Vikram Jandhyala. (University of Washington Photo)
Vikram Jandhyala, the University of Washington’s vice provost for innovation and a key link between the UW and the Seattle region’s technology community, has died as a result of suicide, according to a statement this afternoon by Ana Mari Cauce, the University of Washington president.
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Jandhyala, 47, led the UW’s innovation center, CoMotion, for five years. Earlier this year, he announced that he would be stepping down in June. Cauce described him as “an innovator in every sense of the word, and someone for whom “inclusive innovation” wasn’t just a catchphrase, but a guiding principle.”
She wrote, “This was core to his belief in combining innovation with empathy, because as he put it, “Once we understand someone else, compassion is what makes us want to help them.” This advocacy for what Vikram called a “Seattle style of innovation” can be seen in his leadership of CoMotion and in communities not just in the Puget Sound, but around the world.”
According to a 2015 profile in the UW’s alumni magazine Columns, Jandhyala was the son of two physics professors. He graduated from the Indian Institute of Technology in 1993 and attended graduate school at the University of Illinois.
Jandhyala was well-known in the Seattle tech community over the past two decades as a respected professor, researcher, founder, speaker, and champion of entrepreneurship. He first joined the UW faculty in 2000 and founded his own startup in 2007 called Nimbic that was later acquired by Mentor Graphics.
Jandhyala became chair of the UW’s electrical engineering department in 2011 and was named the university’s vice provost of innovation in June 2014. His title evolved into vice president of innovation strategy as Jandhyala led CoMotion, which helps startups through education and access to experts and funding sources.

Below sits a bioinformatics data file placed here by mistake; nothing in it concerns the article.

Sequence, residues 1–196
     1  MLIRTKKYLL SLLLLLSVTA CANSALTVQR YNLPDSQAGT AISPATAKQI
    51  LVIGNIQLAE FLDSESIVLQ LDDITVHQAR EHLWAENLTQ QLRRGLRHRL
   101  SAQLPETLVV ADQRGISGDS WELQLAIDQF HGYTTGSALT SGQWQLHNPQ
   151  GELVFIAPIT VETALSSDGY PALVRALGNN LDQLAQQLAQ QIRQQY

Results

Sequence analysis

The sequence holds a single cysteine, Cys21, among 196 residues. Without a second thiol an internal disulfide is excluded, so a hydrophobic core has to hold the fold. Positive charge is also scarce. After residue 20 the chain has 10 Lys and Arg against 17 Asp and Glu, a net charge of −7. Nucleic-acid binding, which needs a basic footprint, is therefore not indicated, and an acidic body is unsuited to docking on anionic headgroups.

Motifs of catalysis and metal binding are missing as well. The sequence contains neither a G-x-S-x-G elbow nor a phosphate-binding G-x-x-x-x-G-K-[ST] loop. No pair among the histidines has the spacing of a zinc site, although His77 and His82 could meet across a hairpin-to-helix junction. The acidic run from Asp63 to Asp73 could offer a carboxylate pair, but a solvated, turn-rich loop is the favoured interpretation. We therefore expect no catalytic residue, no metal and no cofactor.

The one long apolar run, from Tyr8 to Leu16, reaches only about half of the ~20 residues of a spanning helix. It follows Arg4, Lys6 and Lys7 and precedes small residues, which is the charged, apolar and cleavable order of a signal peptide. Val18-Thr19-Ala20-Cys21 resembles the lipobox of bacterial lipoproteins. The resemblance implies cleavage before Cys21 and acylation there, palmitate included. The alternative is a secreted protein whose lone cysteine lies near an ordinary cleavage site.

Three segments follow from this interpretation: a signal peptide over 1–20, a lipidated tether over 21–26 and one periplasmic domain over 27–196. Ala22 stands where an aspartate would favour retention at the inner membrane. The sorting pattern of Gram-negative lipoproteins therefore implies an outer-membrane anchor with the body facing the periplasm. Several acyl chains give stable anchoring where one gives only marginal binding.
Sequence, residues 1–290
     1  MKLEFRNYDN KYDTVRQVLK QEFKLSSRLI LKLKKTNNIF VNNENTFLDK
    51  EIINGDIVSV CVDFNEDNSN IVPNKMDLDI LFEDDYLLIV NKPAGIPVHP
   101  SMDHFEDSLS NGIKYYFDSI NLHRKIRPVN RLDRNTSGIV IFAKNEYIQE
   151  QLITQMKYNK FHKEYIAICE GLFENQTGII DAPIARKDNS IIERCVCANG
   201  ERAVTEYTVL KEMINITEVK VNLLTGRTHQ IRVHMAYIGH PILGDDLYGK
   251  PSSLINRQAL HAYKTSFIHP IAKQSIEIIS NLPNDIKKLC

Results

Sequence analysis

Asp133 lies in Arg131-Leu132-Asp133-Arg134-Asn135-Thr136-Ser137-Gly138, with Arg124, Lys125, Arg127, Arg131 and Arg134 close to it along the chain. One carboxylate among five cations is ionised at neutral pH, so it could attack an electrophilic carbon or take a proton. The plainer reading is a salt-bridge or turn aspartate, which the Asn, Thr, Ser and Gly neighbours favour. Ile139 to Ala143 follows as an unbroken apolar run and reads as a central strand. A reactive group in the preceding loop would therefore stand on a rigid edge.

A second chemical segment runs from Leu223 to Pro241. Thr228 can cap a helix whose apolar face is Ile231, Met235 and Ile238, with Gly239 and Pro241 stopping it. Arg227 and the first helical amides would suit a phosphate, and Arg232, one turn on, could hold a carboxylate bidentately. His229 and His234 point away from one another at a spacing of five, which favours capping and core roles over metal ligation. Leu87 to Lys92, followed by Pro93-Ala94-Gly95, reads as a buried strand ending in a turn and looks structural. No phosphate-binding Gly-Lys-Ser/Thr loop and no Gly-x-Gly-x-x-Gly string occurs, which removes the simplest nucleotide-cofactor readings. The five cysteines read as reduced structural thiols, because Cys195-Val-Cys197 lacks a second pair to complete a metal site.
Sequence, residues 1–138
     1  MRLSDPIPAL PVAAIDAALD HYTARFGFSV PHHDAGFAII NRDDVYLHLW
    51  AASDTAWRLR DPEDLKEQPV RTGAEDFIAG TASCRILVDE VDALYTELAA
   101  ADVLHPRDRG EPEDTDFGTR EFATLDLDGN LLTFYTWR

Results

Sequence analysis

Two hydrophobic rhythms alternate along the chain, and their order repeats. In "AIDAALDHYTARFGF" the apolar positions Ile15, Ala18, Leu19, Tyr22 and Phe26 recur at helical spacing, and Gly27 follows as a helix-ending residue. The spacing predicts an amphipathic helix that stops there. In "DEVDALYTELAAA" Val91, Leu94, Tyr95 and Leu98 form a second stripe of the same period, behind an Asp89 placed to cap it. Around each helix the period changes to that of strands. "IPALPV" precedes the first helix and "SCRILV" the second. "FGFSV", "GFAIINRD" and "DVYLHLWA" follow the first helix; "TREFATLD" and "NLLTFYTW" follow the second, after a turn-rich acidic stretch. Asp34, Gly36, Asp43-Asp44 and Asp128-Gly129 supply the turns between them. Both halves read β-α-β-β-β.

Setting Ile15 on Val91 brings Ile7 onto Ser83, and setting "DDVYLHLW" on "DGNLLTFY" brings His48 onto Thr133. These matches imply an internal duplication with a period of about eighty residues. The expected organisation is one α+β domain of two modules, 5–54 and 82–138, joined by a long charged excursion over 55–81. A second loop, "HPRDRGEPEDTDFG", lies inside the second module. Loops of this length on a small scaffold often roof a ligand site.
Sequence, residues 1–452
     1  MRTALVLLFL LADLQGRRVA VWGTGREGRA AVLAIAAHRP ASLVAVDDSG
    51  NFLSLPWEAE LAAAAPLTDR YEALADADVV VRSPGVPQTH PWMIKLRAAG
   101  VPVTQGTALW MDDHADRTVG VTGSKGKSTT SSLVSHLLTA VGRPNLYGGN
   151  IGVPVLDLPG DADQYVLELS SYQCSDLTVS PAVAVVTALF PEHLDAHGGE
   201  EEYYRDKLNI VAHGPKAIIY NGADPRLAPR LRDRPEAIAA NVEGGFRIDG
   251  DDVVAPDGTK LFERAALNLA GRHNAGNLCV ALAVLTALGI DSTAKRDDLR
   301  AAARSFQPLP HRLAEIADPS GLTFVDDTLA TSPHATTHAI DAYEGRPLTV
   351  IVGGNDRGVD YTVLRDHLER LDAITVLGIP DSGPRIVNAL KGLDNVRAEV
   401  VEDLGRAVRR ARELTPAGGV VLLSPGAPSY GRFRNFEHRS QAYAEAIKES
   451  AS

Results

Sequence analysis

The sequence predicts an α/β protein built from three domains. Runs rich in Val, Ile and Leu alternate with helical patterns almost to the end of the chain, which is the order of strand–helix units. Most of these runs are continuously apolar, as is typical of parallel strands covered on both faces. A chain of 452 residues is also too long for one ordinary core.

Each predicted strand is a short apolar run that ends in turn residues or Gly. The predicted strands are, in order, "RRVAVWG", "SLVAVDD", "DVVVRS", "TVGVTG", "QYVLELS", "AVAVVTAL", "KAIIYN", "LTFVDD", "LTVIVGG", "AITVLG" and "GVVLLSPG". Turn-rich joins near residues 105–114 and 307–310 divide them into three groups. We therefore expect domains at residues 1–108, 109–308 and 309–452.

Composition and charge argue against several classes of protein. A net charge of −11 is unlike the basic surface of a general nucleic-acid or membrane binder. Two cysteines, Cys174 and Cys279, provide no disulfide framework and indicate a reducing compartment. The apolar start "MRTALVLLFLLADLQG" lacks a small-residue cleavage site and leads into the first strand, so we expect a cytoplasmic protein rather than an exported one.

Under the leadership of Jandhyala, the UW has ranked among the top 10 on Reuters’ list of the world’s most innovative universities for the past several years and cracked the top 10 of the Milken Institute national tech transfer rankings. CoMotion also helped open a makerspace on campus; created an Amazon Catalyst program; and launched the Mobility Innovation Center with Challenge Seattle.
He was the co-executive director of the Global Innovation Exchange (GIX), a new U.S.-China joint technology innovation institute run in Bellevue, Wash., by the UW and China’s Tsinghua University, which recently graduated its first class. He planned to dedicate more time to the program after leaving CoMotion.
Jandhyala is survived by two sons, ages 5 and 7, according to a GoFundMe campaign page seeking financial support to cover basic living costs for his children. His wife, Suja Vaidyanathan, writes on that page that she and Jandhyala remained married, but had lived separate lives for a few years.
Try to be inclusive, not exclusive. Technology is great. Think about how it can solve real problems for all people. Think about how technology itself can include all people.